From Endurance to Dressage
Forward, Forward, Forward
Izzy has waffled between too much forward and not enough. In other words, he evaded by bolting (too much forward) or balking (not enough). It's taken me a while to work through both issues.
I've been pretty frustrated with him this summer. I've come very close to putting him up for sale, but deep down, I KNOW this horse has huge potential. I am just not ready to quit. When I think about selling him, I always imagine it would be to a stronger, more knowledgeable rider.
That got me thinking. It's not Izzy. There's nothing wrong with him. It's really just me; I need to be a better, stronger rider. As I saddled up on Wednesday, I started asking myself what would a better rider do? All of a sudden, I remembered that super controversial interview with Katie Prudent. She said something that really resonated with me.
see if you can take that animal and get him to do what you want to do.
I decided to take her advice and see if I could get him to do what I wanted. I wasn't going to force him necessarily, but I was going to quite accepting no for an answer.
I started out with the shoulder in exercises that Chemaine showed me last week. But instead of asking him if he wanted to bend his neck, I took hold of the inside rein and did a shoulder in. And I didn't let him out of it until he softened to the inside rein.
And it worked. All of a sudden, I had some bend and he wasn't bracing against the rein. We walked all over the arena changing the bend from right to left. When I felt that he was supple enough at the walk, we did it at the trot. When he said no to the bend, I insisted with added leg.
And he did it.
Then I asked for the canter. He picked it up grudgingly, but then he said no. He balked. He tightened his back and threw up his head, and cried about how he simply couldn't. I realized right then and there that a stronger, better rider would realize that the correct thing to ask for was more FORWARD. And I did.
I cowgirled up and kicked the crap out of him. He grunted and tucked his butt and pinned his ears, but with enough kicking, he shot forward. It dawned on me that softness or bend don't matter if he won't go forward. I quit caring what he looked like or even which lead he was on. The second he hesitated, I kicked the crap out of him again. And again. And again. And again.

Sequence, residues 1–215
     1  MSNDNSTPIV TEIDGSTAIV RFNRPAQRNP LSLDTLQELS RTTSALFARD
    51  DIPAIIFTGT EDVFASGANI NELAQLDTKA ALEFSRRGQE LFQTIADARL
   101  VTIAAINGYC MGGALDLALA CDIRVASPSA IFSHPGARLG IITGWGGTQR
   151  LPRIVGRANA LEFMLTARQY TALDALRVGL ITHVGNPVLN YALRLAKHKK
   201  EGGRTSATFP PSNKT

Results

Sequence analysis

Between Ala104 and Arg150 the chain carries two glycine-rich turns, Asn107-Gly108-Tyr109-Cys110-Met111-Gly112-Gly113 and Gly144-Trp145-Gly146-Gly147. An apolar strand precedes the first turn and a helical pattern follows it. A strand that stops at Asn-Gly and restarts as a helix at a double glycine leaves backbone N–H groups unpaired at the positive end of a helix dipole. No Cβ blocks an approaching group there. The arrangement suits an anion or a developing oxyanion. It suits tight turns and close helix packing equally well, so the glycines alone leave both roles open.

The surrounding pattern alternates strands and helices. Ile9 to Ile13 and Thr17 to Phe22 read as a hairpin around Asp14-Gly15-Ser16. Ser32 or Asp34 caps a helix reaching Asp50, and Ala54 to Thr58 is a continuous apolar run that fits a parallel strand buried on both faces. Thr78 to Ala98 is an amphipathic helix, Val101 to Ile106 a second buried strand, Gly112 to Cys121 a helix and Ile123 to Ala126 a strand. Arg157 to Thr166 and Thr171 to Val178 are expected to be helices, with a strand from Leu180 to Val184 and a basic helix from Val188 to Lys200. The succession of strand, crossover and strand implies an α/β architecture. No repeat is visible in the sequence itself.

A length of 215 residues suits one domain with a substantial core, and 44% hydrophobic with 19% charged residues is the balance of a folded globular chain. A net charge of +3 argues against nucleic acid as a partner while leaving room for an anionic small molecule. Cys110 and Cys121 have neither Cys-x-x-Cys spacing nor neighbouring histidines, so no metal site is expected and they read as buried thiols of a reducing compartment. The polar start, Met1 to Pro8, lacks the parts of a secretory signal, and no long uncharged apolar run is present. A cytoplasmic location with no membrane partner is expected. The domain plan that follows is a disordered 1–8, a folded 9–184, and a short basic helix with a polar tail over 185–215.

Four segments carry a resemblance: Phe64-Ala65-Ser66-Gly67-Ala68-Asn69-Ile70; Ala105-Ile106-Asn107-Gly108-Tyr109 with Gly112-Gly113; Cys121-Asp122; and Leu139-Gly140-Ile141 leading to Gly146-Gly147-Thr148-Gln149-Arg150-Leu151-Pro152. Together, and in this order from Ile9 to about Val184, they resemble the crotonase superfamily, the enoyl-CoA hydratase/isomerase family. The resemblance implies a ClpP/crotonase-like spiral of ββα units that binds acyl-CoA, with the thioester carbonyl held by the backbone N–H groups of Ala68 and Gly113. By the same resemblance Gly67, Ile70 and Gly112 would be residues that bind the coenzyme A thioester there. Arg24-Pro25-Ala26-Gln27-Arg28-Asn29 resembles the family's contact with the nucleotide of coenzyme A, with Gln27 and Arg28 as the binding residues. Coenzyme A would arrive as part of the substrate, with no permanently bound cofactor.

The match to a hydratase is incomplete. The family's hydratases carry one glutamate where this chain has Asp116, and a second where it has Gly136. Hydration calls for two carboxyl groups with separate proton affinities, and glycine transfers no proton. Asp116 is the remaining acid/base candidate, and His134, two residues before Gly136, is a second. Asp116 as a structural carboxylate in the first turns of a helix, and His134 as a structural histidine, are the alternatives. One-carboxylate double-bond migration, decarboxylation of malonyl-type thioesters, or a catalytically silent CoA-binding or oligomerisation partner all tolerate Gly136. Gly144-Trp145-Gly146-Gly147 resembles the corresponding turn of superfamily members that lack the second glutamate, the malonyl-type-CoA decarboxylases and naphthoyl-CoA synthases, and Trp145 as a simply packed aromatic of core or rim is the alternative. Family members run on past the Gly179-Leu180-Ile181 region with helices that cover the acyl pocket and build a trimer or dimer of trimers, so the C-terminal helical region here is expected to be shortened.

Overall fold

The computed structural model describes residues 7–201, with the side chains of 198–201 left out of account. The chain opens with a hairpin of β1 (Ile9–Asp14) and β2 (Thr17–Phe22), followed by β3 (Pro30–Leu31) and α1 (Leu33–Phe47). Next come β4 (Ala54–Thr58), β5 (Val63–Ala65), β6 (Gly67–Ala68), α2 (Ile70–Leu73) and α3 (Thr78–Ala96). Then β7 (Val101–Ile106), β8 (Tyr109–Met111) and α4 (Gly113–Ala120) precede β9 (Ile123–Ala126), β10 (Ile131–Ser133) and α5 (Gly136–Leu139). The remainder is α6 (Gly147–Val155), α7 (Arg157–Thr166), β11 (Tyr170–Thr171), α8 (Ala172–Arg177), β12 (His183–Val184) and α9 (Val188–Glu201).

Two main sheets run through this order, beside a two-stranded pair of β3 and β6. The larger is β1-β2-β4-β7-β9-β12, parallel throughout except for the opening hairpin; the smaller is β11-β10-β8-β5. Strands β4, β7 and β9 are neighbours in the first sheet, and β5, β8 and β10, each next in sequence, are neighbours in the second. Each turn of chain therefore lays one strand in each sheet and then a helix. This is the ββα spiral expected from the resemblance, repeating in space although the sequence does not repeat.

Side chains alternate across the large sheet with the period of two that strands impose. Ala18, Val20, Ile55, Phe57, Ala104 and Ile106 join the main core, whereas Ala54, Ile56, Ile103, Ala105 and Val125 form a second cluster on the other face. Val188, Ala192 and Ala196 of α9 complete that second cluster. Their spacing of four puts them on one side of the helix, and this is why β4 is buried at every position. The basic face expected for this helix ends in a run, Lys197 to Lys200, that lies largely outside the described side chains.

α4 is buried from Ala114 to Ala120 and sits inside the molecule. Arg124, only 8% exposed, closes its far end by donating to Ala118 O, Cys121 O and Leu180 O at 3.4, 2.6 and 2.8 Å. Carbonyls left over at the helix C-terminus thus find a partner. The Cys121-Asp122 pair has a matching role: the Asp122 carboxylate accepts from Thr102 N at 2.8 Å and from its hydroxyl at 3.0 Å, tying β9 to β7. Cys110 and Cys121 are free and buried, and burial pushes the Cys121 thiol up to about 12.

There were two spots in the arena that he just didn't want to canter past. I was relentless though. I growled, and kicked, and made a lot of noise when he even thought about slowing down. Within a very short time, his neck softened up, and started to ask if he could stretch a little in the canter.
I am sure all of our problems weren't solved by a little kicking and yelling, but it sure did a lot for my confidence. The scales are tipping in my favor, if ever so slowly. I got his number this time, and that always helps!
7/21/2017 08:25:57 am
You go girl! Some horses really seem to need to be "told" - not meanly or anything, but they just gotta sit down and shut up and do it because you said to and it's not like you're asking for something they are physically or mentally incapable of doing. Annnnd some horses need to be politely asked. It's usually somewhere in between, but yeah... glad you found that the "do it anyway" voice worked!!!
7/21/2017 02:23:56 pm
Love it - "do it anyway." That is EXACTLY what I did, but you said it better. :0)
Whooohooo! In me experience, your responses were SPOT ON. I calling it 'riding like a trainer because that's exactly what a trainer would do. They wouldn't take "no" for an answer. You can certainly insist without forcing, and be firm without being unfair. Seriously, loved reading your post. Great job!
7/21/2017 02:25:02 pm
Thanks, Kelly. This horse is so tough to ride because he's so easy to offend! It's hard to know how much is too much. :0)
7/21/2017 02:25:56 pm
And why am I "remembering" so many things that I've already learned?! I've had that "forward" lesson more times than I can count! Sheesh!!!
8/3/2017 01:45:04 pm
My trainer has pointed out that at this stage, yeah, the expectations have risen! :0)
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About the Writer and Rider
I am a lifelong rider.
I began endurance riding in 1996 where I ultimately completed five, one-day 100 mile races, the 200-mile Death Valley Encounter, and numerous other 50, 65, and 75 mile races. I began showing dressage in 2010.
Welcome to my dressage journey.
About Speedy G
Speedy went from endurance horse to dressage horse. After helping me earn a USDF Bronze medal in the summer of 2020, he is now semi-retired. Speedy is a 2004, 15'1 hand, purebred Arabian gelding. His Arabian Horse Registry name is G Ima Starr FA.
Izzy was started as a four-year old and then spent the next 18 months in pasture growing up. I bought him as a six-year old, and together, we are showing at the lower levels. He is a 2008, 16'3 hand warmblood gelding. His Rheinland Pfalz-saar International (RPSI) name is Imperioso.
National Rider Awards
State Rider Awards
State Horse Awards
CDS Sapphire Rider Award
Third Level: 63.514%
Third Level: 62.105%
2023 Show Season
(r) Ride-a-Test Clinic
2023 Show Schedule
2023 Completed …
2023 Qualifying Scores
Regional Adult Amateur Competition (RAAC)
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3 Scores/2 Judges/60%: